The United States has used the ANSI (American National Standards Institute) A108 as its standard for installation many years. This document sets the definitions and standards for proper installation of ceramic tile. The A108 was last published in 1999. One of ANSI's requirements is that standards are revisited and re-approved every five years. The Tile Council is approved and recognized as the secretariat for the ANSI standards for the ceramic tile industry. All of the ANSI and ASTM (American Society for Testing Materials) standards, definitions, and methods are subject to open review called transparency. This prevents any one group or industry segment from dominating the process and thus promulgating inferior standards. These standards are designed to act as a platform for establishing commonality between the producer, specifiers, middlemen, installers, and end users. Organizations are invited to participate in the standards generating process. Those that have an identifiable interest are invited to send voting members to the committee meetings. The existing committee then approves new applications. It is not an individual serving on the committee but rather an appointee of the organization he or she represents. The fact that standards are being considered and balloted is published in ANSI notifications such that all potentially interested parties are notified. No legitimate interest is excluded and anyone may submit comments and suggestions to the committees. The make up of the committee is audited by ANSI to confirm that no segment dominates the process. Guests may be invited to sit in on meetings to state any particular viewpoint. Once the committee completes its deliberations a draft of the standard is prepared and submitted to ANSI for balloting. To be considered for a standard all one must do is submit their proposed product, installation specifications, and supporting ASTM recognized test data.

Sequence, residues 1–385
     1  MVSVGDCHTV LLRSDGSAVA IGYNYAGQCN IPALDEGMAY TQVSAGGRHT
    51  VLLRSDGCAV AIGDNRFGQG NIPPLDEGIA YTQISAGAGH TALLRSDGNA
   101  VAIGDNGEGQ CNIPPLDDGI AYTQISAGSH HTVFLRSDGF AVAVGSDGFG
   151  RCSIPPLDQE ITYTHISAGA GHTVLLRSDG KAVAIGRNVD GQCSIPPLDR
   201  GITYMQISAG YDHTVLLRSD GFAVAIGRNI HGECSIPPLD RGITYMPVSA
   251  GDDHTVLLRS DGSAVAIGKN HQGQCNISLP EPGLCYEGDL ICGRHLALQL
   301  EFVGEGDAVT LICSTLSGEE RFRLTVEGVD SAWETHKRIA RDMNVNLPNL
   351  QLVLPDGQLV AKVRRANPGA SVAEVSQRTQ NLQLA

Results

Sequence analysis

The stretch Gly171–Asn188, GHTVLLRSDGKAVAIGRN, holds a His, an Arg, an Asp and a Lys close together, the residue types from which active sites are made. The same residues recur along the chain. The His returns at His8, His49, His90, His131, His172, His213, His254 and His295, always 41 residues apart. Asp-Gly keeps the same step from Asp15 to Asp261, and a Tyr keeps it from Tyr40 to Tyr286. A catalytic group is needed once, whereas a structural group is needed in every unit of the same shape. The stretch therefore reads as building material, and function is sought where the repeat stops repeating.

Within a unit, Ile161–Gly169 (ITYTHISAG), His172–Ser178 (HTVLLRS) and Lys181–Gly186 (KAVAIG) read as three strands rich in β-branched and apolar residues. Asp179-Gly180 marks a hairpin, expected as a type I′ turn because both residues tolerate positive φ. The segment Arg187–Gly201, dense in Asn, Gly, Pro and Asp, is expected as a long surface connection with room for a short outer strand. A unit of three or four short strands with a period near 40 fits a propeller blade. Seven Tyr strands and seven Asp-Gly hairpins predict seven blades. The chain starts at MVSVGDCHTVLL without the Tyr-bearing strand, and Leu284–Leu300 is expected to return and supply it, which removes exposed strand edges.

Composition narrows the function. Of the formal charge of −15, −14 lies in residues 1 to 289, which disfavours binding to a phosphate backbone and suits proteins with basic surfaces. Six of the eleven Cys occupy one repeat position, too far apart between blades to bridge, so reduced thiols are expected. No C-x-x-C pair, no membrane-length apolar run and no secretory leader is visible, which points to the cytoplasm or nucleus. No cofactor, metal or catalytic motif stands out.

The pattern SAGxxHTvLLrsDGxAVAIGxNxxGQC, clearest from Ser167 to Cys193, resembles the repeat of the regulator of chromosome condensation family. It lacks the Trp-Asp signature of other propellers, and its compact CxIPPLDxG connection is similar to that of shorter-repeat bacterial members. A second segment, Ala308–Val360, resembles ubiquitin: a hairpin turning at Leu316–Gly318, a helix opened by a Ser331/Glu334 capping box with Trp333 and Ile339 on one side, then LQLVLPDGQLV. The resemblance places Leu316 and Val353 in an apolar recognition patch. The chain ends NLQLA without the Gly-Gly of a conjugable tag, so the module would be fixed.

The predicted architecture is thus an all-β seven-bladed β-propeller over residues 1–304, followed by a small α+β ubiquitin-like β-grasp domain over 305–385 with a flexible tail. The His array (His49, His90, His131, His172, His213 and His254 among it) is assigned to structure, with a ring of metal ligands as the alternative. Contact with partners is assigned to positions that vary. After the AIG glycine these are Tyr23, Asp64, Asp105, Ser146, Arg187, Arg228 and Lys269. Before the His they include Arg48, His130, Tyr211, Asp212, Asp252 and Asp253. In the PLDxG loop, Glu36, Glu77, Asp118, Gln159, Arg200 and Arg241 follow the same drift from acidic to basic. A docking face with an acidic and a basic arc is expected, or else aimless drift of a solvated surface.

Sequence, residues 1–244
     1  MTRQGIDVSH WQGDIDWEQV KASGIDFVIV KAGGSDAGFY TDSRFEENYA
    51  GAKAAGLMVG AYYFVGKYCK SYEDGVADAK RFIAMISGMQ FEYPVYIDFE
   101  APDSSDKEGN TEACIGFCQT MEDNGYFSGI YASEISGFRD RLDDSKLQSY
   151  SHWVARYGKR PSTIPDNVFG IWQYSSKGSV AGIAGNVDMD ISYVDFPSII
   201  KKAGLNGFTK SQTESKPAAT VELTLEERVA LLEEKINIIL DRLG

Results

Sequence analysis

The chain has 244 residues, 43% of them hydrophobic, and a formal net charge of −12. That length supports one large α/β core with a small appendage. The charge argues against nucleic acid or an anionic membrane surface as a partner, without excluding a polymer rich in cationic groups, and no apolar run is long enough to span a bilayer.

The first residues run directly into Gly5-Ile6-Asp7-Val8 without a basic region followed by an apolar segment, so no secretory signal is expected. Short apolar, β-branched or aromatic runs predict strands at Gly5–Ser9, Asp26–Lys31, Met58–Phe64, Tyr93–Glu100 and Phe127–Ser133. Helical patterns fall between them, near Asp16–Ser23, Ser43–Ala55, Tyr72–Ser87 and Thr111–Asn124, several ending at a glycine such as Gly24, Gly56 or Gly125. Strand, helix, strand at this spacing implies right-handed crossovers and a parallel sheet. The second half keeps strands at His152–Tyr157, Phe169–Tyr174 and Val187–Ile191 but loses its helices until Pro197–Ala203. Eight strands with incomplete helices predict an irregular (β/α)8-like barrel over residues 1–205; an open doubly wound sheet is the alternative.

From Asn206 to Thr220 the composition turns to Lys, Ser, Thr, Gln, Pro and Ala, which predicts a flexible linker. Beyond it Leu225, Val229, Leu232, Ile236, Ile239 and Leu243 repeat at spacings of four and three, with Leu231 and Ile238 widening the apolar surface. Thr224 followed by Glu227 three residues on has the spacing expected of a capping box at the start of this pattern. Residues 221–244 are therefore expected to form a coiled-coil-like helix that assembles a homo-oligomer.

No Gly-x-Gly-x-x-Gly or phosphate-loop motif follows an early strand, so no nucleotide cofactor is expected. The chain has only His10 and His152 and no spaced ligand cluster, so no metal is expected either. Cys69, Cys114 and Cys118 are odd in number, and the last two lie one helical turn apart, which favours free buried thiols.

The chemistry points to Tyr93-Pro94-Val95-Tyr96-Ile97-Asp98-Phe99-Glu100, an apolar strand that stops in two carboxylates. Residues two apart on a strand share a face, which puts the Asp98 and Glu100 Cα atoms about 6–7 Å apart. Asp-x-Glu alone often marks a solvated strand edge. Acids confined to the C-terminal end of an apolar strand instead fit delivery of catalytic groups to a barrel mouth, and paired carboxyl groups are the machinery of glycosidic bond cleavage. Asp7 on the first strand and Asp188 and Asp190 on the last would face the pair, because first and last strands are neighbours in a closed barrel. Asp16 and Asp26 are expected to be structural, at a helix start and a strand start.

John Bridge 11-21-2002 06:06 PM